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Joliette Township

First among the setlements made after the Pembina RiverValley had become settled, was Joliette . on the Red River. In the year1878 seven young men left Quebec to homestead in the Red River Valley..They had heard that tools and equipment plus good wages were given to railroadworkers. They traveled to Minnesota via the Great Lakes waterway and foundjobs on the railroad being bkuilt to St.Vincent, Minnesota. Crossing intoDakota Territory at Pembina they traveled about ten miles southwad and tookup claims along the river.

Frank LaRose was the first settler and ran a ferry acrossthe Red River. His farmhouse was a stopping place for stagecoaches as wellas a re-fueling stop for steamboats. For quick shelter the first houseswere made of prairie sod. The four Pariseau brothers: Ernest, Joe , Frank,and John sent for their parents and sister, Permelia. The orphaned sisterof Joseph, Euclid and Dolphus Riopelle and others came with them. This wasthe nucleus of a thriving French Candaian settlement. They named the PostOffice, which was established August 7, 1879, for Joliette, Quebec, Canada.John B. Rivett was appointed postmaster.

Others settled in the Joliette area. From 1880 to 1882.The Emersons, Barrons, Storms, Dietrichs and Shannons began farming. OnDecember 18, 1882 the Joliette area was designated one of 19 townships inPembina County.

In 1897 John Hart came with a team and buggy from Castlewood,South Dakota. He drove back and the next year he and his brother, ArthurHart arrived by immigrant car, coming on the railroad into Bathgate. Belgainsettlers in great numbers came beginning with Charles Demestre and AldophVon Leberge in 1890.

Because of river flooding the settlement of Joliette wasmoved inland about 1900 to a site along the Northern Pacific Railroad. Thetownsite was platted on Section 27 and 34 and became a railroad station.A thriving town built up, a bank, Hart and Asseltine's general store, alumberyard, a farm machinery business, a hotel, town hall, two churches,a new school and grain elevator were built.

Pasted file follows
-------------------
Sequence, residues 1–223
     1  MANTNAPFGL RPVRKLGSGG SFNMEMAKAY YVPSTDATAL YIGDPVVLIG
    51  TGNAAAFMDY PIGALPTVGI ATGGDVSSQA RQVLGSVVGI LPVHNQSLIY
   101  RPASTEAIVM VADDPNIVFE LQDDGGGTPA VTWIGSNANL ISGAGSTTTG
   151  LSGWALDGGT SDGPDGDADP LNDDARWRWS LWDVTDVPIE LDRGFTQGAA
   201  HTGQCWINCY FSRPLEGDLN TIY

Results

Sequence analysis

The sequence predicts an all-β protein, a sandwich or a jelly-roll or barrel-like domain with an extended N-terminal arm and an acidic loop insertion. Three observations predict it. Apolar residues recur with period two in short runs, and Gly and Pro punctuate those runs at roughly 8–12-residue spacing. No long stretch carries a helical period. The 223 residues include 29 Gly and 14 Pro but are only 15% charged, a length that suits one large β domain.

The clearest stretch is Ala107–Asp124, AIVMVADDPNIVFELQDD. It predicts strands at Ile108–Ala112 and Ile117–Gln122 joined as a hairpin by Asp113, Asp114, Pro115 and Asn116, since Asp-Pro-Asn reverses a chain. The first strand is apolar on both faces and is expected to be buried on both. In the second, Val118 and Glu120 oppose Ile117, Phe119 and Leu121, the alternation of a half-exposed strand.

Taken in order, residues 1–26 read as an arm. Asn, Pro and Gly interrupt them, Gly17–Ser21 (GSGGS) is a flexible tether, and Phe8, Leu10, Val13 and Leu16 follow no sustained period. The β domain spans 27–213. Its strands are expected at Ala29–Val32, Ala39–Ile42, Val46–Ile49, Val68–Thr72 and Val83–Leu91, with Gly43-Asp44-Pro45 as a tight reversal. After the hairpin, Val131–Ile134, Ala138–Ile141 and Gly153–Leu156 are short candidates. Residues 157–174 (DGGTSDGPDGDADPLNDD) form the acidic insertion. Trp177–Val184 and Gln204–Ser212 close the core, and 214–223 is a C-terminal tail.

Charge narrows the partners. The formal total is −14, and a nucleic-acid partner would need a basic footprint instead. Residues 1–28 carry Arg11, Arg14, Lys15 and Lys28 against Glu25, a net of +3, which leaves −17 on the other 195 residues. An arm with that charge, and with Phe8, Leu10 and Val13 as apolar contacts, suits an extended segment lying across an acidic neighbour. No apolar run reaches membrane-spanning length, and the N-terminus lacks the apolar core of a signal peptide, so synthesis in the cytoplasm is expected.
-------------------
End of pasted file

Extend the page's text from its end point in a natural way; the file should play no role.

A rural postoffice of short duration was established Oct.15, 1912, along the railroad at a settlement six miles south of Joliette.The settlement was named Fleece, a family of the Postmaster, Walter F. Moody.

McArthur was a settlement located four miles north of Joliette.It was also was moved from the river when the railroad was established.A grain elevator moved on greased skids from the river across the prairieto the townsite. The Norther Pacific Railroad located a stockyrds and loadingstation, and a postoffice was established on Section 9, 162.51, August 4,1904. Charles H. Hunt Postmaster. McArthur also had a school and a generalstore.

The entire Joliette community now consists of farmers andthe community of Joliette is a grain elevator, fertlizer plant, MethodistChurch, town hall and postoffice.

Charles Hart, December 20, 1987


LOCATION : Joliette, N.D . is an unincorporated communityin Pembina County, about halfway between Pembina and Drayton, N.D. Justoff interstate 29, Joliette is about 70 miles north of Grand Forks. The town is served by a branch line of the Burlington Northern & SantaFe Railway. Joliette reached a peak population of 319 in 1930. That wasfollowed by a sharp decline 36 in 1960. According to an informal count,there are now just ten people living in the town.

What's big in Joliette? The former Joliette Farmers GrainCo., now known as Cargill Aghorizons, was acquired by Cargill Inc,. a major Minnetonka , Minn. based grain-trading company April 1, 1997. It is a major grain shipper for the region.

NAME Frank LaRose, the first settler in the Joliettearea, named the pioneer community for his home town of Joliette, Quebec.That French - Canadian town had been founded in 1823 by a sawmill operator,Barthelemy Joliette.

What some people say about the community - The Rev. LindaBaldock, pastor of the Jolliette Methodist Church, whose husband.. Gerry,is employed at the Pembina State Museum: "I really enjoy the peoplein the community and in our congregation as well as living in a ruralcommunity. The people are so involved in the church."

Joleen Holter, who lives outside of Joliette and who hasbeen employed for a year at the Joliette Express Truck Stop, serving asthe past three months as manager: "You know a lot of people in asmall community such as Joliette. The people are really friendly; I enjoy living near a small town."

Cory Tryan, manager of Cargill Aghorizons elevator in Joliette:"It's always nice and green, and there are trees. I grew upnear Plentywood in northeastern Montana, and that area is often parchedand dry."

From the Grand Forks Herald Newspaper - summer 2000

Submitted by Mildred Hart

ld Newspaper - summer 2000

Submitted by Mildred Hart